The story is especially relevant to sub-Saharan Africa as it focuses on the devastation of drought and the importance of received knowledge. With its dual themes of wisdom and grit, the book happily entertains while it teaches the importance of hard work and persistence as keys to success.
What would you do if you woke up one night to find the shadow of a giant chicken passing your bedroom door? Go and investigate, of course! When Anyaugo follows a giant chicken into her kitchen one warm night in Nigeria, she embarks on a fun-filled adventure where nothing is quite as it seems. Is the mischievous giant chicken a friend or a foe? More importantly, will Anyaugo be able to save the food for the New Yam Festival the next day?
Includes four traditional tales told by the Hausa, Angolan, Masai, and Bushmen people of Africa.
Imani, an African grasshopper, brings music to the new world when he travels aboard a slave ship.
For millennia, Somalia has been crossed and recrossed by camel caravans of merchants bringing stories with them. Elizabeth Laird heard most of these oral retellings in Jigjiga, the capital of Ethiopia’s Somali region, in gardens, bars, small huts and beautiful old Harari houses. Some of them are written down here for the very first time.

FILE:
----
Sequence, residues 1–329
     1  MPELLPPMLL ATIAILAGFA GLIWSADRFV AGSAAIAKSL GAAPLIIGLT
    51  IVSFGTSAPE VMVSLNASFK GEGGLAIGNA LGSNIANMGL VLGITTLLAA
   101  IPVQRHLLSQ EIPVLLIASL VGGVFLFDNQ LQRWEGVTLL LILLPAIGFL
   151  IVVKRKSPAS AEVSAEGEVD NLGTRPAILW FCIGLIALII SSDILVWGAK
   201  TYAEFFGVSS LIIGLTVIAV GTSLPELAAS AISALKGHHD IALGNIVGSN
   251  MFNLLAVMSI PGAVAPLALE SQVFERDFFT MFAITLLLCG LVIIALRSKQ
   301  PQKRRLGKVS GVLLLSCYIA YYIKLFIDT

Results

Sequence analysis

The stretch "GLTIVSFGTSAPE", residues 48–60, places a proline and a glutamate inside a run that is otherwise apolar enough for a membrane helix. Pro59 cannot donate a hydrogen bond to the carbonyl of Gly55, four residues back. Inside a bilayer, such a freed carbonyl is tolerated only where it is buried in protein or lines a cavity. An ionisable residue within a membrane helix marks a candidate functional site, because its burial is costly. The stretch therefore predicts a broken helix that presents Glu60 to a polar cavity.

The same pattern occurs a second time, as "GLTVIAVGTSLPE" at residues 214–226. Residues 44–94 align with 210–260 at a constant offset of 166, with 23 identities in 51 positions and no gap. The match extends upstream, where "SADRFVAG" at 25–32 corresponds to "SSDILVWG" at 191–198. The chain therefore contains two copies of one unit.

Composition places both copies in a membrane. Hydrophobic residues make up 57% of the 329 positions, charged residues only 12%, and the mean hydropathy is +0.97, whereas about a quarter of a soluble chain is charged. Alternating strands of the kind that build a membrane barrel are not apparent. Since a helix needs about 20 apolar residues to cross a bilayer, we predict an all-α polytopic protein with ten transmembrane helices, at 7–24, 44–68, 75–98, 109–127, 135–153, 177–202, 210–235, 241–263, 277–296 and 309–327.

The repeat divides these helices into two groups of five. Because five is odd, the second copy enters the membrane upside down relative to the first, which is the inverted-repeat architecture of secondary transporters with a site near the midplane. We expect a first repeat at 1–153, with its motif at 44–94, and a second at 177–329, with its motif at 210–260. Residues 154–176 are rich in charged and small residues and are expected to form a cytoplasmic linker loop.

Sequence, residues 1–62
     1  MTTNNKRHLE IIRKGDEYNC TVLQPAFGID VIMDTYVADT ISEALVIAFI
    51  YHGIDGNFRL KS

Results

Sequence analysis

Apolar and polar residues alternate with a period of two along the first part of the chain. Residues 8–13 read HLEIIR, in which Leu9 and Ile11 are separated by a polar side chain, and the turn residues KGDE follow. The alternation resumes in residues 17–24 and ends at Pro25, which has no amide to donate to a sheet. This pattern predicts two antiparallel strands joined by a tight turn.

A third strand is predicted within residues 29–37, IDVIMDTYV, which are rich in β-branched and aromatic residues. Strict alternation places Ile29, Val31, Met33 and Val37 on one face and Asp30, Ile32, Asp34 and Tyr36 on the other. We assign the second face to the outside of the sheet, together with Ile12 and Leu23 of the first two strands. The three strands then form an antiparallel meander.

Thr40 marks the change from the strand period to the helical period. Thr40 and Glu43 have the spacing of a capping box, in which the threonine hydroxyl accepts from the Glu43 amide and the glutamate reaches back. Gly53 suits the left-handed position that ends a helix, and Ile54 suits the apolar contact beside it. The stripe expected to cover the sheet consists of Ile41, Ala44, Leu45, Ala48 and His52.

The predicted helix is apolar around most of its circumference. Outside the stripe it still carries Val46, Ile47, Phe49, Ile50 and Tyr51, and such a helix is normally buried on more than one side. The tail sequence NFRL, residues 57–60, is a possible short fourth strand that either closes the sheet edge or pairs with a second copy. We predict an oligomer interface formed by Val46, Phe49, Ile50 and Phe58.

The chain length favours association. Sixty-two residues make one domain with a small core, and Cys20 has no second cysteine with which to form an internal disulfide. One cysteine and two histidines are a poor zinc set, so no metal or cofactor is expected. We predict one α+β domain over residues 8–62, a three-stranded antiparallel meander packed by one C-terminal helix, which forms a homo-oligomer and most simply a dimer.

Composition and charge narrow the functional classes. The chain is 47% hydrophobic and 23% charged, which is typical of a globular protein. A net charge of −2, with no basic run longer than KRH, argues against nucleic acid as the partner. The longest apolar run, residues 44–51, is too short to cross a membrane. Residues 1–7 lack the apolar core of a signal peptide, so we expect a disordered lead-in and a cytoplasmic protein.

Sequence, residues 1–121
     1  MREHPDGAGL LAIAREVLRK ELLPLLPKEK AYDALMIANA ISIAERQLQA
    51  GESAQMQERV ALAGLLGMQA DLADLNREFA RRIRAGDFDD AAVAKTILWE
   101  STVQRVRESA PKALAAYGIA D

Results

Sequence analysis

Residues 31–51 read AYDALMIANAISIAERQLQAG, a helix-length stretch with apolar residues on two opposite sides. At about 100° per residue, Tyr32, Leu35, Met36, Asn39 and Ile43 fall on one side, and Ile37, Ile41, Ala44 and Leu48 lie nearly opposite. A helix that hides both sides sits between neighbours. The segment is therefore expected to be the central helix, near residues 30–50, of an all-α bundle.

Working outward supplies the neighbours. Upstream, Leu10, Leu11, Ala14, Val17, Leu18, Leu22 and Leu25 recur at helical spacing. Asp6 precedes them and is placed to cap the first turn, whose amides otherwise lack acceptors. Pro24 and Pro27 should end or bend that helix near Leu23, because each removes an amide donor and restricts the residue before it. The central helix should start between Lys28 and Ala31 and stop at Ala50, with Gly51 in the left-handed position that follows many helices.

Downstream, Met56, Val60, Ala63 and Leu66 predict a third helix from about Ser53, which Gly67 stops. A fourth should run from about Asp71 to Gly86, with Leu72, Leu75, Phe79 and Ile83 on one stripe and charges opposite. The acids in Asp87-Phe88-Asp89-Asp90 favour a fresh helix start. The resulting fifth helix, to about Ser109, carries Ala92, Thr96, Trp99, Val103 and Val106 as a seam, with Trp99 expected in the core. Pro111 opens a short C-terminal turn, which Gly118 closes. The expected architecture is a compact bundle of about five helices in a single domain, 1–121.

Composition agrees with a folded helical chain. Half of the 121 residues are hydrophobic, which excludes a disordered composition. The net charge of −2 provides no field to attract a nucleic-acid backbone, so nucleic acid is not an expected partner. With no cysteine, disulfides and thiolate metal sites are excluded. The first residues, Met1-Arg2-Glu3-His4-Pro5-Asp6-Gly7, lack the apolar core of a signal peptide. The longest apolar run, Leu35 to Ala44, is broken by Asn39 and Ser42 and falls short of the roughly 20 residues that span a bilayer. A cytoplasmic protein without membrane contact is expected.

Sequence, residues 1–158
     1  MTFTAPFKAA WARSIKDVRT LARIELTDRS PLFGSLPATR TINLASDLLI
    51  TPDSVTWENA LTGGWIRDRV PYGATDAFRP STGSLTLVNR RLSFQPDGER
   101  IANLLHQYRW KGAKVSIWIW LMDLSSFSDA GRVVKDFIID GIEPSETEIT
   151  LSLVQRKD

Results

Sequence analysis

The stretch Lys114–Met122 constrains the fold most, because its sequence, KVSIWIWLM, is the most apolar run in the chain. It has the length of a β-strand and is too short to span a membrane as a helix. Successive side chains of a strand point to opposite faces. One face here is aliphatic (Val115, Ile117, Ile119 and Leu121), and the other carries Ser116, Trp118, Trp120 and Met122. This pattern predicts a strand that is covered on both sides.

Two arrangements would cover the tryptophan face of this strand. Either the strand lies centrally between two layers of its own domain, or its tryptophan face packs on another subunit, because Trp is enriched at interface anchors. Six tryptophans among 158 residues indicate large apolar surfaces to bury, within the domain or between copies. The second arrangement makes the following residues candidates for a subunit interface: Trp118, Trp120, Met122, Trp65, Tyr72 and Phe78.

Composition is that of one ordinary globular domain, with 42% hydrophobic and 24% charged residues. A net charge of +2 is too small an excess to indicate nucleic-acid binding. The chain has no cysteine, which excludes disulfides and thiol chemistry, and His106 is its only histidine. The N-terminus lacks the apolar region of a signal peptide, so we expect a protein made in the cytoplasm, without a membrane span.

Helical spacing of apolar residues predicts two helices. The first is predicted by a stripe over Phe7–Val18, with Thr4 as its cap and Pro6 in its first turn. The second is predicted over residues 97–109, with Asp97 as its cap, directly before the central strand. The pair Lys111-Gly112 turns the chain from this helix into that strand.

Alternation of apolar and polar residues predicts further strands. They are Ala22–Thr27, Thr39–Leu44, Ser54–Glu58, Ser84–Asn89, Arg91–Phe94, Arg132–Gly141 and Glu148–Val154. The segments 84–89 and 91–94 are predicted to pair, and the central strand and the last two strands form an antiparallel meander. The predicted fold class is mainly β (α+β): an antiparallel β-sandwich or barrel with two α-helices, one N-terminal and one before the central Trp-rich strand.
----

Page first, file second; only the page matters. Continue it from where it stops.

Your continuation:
Come gather round, young and old, and hear these stories from Africa, retold and illustrated by the incomparable Ashley Bryan. The fourteen stories in this collection are some of his favorites, previously published in The Ox of the Wonderful Horns; Beat the Story-Drum, Pum-Pum (Coretta Scott King Award for Illustration); and Lion and the Ostrich Chicks (Coretta Scott King Honor Book).Retold with rich, musical narration, and illustrated with Mr. Bryan’s distinctive paintings, these tales are full of fun and magic and a few lessons to be learned. They are tales of tricksters, chieftains, and both wise and foolish creatures. You will learn why Frog and Snake never play together, or why Bush Cow and Elephant are bad friends, or of the problems that a husband has because he likes to count spoonfuls. Although the stories come from many parts of Africa, they are full of the universal human spirit, to be shared and treasured for every generation, uh-huh.
Many African stories, whether or not they are about Kwaku Ananse the “spider man,” are called, “Spider Stories.” This book is about how that came to be. The African storyteller begins: “We do not really mean, we do not really mean that what we are about to say is true. A Story, a story; let it come, let it go.” And it tells that long, long ago there were no stories on earth for children to hear. All stories belonged to Nyame, the Sky God. Ananse, the Spider man, wanted to buy some of these stories, so he spun a web up to the sky and went up to bargain with the Sky God. The price the Sky God asked was Osebo, the leopard of-the-terrible-teeth, Mmboro the hornet who-stings-like-fire, and Mmoatia the fairy whom-men-never-see. How Ananse paid the price is told in a graceful and clever text, with forceful, lovely woodcut illustrations.